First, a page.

Roberto Bolaño (1953-2003)

15 comentarios:

  1. Hail, Godzilla! Now you can see the Rutger Hauer starrer adaptation. I think it's only a matter of time before Natasha Wimmer translates. Mediocre Bolaño is something the best Coelho will never approach. I heard Bolaño had no say about the setting for this "lumpen of a novella". He was required to write something set in Roma. Nice constraint.

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    1. Rise, I think people who like Bolaño's short stories more than I usually do will like Una novelita lumpen more than I did accordingly. It's actually more that size in length and, while not mindblowing like his best short stories and novels, is easy enough to partake of/enjoy in one or two sittings. By the way, I didn't know that Rutger Hauer was going to be in the film adaptation. Based on my imagination of what the ex-bodybuilder character should look like, that's fairly genius casting! Of course, it doesn't hurt from a visual perspective that the actress who's playing Bianca is one of my Chilean movie star girlfriends either. Shh, don't tell anybody, we're trying to keep it quiet. :D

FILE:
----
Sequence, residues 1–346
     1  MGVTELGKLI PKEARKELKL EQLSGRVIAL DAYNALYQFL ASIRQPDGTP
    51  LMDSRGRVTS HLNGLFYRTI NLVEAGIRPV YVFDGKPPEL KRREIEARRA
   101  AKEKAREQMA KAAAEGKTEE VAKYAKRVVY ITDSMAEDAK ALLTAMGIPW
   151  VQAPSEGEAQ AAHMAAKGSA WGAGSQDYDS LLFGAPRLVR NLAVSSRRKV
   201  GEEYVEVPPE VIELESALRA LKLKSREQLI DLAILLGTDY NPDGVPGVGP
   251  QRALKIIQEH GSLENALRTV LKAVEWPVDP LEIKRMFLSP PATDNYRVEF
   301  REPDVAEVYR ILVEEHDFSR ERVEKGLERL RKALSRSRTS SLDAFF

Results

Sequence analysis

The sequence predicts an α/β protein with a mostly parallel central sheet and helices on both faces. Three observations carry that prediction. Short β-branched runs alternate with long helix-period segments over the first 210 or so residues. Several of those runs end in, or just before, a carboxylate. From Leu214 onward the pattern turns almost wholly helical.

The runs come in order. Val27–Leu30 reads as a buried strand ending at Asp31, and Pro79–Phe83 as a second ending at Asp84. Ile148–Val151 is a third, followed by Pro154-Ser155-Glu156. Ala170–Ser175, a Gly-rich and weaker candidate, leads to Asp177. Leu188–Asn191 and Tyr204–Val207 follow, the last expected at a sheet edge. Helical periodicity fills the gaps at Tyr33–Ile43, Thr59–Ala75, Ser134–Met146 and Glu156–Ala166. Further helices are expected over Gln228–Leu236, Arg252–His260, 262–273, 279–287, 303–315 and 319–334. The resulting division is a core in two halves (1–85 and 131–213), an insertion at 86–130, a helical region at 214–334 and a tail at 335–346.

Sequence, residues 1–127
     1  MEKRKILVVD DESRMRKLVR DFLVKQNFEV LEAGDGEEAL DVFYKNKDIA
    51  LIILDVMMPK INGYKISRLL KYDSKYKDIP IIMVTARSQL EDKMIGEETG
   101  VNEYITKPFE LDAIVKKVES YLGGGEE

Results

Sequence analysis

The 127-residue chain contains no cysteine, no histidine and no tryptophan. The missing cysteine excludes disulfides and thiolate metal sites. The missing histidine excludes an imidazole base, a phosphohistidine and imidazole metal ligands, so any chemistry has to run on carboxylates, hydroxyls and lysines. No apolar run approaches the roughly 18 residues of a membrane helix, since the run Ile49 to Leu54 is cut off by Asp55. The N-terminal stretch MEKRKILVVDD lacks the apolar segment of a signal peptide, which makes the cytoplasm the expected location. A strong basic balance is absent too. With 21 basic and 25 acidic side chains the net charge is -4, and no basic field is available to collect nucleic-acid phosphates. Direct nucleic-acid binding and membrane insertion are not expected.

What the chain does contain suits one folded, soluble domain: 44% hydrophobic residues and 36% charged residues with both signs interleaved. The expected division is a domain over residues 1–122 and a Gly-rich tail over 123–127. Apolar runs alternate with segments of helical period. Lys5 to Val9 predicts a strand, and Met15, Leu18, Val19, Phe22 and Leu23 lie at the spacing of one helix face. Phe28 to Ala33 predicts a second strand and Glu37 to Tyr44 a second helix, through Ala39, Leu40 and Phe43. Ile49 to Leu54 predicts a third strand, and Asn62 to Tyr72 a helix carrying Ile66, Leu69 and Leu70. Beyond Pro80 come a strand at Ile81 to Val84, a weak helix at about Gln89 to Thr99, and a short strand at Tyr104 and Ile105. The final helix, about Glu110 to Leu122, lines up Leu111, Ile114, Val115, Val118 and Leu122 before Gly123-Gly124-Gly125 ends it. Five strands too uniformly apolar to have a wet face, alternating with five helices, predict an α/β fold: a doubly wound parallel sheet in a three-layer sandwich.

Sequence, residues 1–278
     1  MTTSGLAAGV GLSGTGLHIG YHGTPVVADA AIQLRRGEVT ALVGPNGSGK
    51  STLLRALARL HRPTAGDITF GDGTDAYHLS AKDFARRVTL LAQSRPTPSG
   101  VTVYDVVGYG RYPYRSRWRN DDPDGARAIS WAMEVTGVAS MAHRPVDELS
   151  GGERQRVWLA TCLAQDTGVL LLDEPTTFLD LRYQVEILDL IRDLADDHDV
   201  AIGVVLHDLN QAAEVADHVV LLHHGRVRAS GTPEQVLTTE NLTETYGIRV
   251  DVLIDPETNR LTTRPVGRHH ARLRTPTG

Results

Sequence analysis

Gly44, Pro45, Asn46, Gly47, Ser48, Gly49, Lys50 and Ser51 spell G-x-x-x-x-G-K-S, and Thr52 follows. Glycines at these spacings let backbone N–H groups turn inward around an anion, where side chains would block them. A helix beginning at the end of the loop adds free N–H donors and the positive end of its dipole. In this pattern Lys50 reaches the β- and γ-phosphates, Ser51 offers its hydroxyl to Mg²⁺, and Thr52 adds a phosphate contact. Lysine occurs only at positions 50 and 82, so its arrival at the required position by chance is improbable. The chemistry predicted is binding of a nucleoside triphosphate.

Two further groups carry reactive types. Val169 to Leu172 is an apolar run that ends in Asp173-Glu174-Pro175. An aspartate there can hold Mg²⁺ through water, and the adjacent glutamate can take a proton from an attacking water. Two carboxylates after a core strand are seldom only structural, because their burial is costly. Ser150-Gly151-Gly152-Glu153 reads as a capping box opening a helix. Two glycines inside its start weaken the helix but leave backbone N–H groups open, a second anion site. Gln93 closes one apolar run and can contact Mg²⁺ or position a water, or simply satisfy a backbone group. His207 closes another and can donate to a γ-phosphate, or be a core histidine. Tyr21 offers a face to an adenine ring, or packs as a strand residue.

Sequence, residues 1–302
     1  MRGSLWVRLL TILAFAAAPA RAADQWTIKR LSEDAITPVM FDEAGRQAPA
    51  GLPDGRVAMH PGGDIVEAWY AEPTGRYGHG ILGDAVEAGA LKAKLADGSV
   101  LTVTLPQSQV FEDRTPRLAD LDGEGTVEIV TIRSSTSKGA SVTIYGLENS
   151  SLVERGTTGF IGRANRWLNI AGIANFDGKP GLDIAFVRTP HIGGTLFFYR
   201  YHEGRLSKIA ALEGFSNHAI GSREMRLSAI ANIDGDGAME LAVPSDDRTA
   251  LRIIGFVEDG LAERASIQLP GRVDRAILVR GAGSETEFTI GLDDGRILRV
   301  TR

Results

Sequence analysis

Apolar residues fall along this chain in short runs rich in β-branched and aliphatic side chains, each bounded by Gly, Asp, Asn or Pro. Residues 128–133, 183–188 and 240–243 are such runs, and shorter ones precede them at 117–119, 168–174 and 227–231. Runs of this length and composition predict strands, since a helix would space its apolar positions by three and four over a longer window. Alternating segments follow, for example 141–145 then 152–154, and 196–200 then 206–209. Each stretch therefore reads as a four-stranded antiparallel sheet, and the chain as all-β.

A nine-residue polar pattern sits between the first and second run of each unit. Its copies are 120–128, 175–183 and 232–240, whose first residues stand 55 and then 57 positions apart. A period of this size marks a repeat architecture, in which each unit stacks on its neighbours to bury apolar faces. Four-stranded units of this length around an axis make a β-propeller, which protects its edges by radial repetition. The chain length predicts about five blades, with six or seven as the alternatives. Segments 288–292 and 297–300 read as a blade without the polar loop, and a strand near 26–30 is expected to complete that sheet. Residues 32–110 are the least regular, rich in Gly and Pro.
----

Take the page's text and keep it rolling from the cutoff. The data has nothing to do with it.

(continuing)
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    2. Oh, okay. Shhhh. Secret's safe. Haha.

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    3. Thanks, I knew I could count on you!

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  2. I have not read Bolaño but I really need to get to him.

    I do love the line about recently being a delinquent but now seeming to be respectable. I think that it says something about many of us in the modern world.

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    1. Brian, you're a lucky guy--Bolaño's one of my favorite writers, but I'm starting to run out of things to read by him. If I may, I'd suggest either The Savage Detectives or 2666 as the two best places to start with him or, if you want to try something shorter that's almost as high octane, either Distant Star or Nazi Literature in the Americas. All essential.